Tennessee Gov. Bill Haslam said Friday that Volkswagen's dialogue with UAW about a collaborative German-style works council arrangement is hurting the state's recruitment of business. And then he specified that some auto suppliers thinking of moving closer to Volkswagen's Chattanooga plant may balk if the United Auto Workers succeeds in unionizing the factory.
Really? Then why doesn't the Teachers union, Tennessee Education Association, hurt business recruitment? It is a statewide union that represents more than 46,000 elementary and secondary teachers, school administrators, education support professionals, higher education faculty, and students preparing to become teachers.
Volkswagen knows a thing or two about making cars, and VW started the dialogue with the UAW to help them create an innovative model of employee representation. All VW plants around the world except here have such representation, and VW says a works council labor board "can only be realized together with a trade union."
VW also has said the workers will decide. Tennessee is, after all, a right-to-work state.
And by the way, the unions in Detroit did not decide to keep making gas guzzlers and driving away customers who wanted better mileage. In fact, they advocated changing the business model to be more competitive. But no, corporate paralysis and a good dose of collusion with gas companies made the decision to keep making the same tired, heavy, customer shunned cars led to the downfall of many American car companies -- and eventually Detroit.
Let's talk about something outrageous.
Howard School's stadium has a polluted field and -- until recently -- 60-year-old toilets.
Tell us, school officials, and tell us Hamilton County Commission, how would this play at Red Bank or Soddy-Daisy or Ooltewah or on Signal Mountain.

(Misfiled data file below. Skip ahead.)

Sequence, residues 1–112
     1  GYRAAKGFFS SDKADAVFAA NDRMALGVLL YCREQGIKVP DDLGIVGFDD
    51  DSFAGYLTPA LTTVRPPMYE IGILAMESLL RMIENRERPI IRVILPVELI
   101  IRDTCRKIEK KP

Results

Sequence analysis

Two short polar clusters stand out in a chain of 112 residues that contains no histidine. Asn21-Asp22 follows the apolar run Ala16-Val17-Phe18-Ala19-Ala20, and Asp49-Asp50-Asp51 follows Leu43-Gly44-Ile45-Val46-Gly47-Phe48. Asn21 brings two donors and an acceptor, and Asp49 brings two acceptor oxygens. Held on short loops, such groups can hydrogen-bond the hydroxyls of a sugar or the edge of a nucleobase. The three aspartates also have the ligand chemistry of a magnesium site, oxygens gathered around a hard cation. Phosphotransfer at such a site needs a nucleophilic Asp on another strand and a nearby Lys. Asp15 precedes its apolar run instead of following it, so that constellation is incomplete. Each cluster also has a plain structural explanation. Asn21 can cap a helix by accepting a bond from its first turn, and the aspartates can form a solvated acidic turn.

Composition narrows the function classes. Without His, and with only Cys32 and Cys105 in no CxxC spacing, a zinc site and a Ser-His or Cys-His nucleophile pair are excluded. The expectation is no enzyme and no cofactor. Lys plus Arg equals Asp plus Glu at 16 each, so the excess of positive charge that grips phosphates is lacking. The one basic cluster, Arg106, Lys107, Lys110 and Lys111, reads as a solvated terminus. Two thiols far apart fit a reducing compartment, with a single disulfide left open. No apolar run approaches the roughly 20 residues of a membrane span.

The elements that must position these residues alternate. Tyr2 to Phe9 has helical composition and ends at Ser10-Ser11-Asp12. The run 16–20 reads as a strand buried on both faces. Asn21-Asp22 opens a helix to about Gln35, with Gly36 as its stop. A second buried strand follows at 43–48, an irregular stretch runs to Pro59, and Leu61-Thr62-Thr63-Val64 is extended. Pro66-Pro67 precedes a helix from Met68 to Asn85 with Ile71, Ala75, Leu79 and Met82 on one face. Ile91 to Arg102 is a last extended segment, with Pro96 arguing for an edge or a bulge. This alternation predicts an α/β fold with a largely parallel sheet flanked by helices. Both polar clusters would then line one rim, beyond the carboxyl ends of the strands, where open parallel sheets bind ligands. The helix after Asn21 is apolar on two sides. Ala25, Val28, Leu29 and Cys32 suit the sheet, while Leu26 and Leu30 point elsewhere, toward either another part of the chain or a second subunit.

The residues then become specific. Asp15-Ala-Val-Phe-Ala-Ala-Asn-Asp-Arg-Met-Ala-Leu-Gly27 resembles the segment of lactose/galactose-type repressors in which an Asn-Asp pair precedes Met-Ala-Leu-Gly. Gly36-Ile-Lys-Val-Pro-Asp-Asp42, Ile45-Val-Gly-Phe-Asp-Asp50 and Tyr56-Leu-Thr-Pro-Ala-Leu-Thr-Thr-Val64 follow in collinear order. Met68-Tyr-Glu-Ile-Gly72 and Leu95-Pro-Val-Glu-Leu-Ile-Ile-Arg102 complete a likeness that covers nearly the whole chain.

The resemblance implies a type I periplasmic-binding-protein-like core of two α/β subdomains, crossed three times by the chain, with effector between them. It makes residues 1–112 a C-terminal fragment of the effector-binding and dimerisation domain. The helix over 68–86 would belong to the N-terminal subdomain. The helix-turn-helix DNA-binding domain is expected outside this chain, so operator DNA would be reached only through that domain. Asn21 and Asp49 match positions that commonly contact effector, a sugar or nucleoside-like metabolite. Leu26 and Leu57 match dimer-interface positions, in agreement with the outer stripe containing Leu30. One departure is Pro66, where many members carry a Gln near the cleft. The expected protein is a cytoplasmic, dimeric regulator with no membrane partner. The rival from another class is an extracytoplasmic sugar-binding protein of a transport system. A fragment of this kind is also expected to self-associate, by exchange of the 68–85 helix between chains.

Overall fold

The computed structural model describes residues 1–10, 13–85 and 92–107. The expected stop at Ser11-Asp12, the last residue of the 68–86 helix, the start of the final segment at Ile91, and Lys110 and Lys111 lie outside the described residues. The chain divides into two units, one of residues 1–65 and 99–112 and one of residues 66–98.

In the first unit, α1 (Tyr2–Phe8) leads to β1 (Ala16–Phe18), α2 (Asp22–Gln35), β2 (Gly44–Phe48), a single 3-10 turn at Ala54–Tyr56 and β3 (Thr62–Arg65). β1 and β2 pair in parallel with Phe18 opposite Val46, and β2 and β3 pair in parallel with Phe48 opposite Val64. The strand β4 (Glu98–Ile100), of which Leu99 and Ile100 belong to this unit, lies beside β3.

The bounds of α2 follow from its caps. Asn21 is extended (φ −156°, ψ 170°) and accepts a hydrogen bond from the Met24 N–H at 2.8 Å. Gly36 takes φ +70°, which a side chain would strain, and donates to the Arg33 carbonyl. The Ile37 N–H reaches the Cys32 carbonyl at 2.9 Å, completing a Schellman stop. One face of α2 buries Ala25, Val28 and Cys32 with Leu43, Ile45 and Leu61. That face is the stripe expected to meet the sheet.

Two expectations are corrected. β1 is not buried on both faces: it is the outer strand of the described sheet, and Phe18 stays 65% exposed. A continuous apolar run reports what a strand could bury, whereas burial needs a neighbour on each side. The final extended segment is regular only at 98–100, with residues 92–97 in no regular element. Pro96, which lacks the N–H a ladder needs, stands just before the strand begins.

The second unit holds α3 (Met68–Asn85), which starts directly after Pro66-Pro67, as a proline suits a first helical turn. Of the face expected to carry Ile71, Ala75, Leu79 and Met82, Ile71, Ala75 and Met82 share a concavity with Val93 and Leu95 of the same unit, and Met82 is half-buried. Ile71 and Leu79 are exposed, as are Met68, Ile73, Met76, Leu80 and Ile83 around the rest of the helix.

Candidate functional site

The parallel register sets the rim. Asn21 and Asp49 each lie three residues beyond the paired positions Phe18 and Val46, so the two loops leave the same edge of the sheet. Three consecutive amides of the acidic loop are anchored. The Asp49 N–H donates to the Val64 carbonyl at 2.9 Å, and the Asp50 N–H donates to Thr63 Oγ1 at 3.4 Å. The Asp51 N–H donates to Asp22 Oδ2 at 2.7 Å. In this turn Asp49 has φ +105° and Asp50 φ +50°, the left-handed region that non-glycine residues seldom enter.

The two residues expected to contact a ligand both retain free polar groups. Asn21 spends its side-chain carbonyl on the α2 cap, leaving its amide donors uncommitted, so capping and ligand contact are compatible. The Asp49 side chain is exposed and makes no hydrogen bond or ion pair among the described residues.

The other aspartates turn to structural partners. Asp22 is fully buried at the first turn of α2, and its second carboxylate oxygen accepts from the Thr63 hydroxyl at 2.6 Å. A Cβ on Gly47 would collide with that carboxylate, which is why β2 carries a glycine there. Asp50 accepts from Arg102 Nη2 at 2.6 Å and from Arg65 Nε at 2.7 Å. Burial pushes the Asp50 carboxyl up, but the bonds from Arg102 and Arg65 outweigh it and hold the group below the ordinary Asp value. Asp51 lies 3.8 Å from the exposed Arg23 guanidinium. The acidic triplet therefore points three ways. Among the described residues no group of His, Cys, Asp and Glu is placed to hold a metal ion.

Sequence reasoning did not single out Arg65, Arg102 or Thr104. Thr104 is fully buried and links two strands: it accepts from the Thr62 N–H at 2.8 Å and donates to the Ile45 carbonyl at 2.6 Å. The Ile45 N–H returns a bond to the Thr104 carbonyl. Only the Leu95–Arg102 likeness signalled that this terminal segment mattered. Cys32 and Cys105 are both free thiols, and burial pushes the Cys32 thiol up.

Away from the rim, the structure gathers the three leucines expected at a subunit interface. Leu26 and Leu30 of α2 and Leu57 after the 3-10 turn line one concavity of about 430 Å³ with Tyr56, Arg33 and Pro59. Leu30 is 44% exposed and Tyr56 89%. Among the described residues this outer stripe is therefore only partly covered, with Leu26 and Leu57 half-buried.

That's exactly right: It wouldn't play at all. And you wouldn't dare have let it happen in any of those other communities.
You should be ashamed. And you should make a priority of building Howard a new stadium and new facilities on the 20-acre Maurice Poss Homes recently gifted by the city to the school system for that purpose.
What a study in opposites: The reactions of Chattanooga Mayor Andy Berke and Tennessee Gov. Bill Haslam on support for benefits to same-sex partners.
In the wake of a recent Supreme Court decision, Berke, a Democrat, backs it, while Haslam, a Republican, doesn't.
"I don't sense a huge demand from most Tennesseans," Haslam said.
In fact, a Vanderbilt poll in May found that 62 percent of Tennesseans support health insurance and other employee benefits for gay and lesbian domestic workers in general. The poll also found that 49 percent of Tennessee surveyed said they support same-sex marriage or civil unions.
But support is really not the point. The point is that the Supreme Court has spoken. Cities and states and employers who don't want to listen are just inviting lawsuits. And that will cost everybody.
So, Governor (and other state, county and city officials): Which are you? The politician who will worry about the vocal conservative votes or the businessman who will worry about wasted tax dollars?